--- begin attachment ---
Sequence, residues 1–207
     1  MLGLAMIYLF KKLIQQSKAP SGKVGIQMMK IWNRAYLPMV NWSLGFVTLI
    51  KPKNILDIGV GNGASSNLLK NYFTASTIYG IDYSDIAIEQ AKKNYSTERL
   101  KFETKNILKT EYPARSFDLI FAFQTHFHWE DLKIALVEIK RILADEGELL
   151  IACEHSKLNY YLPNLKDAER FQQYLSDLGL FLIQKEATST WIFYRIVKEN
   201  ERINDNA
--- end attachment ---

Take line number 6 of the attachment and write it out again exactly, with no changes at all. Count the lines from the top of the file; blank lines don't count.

   201  ERINDNA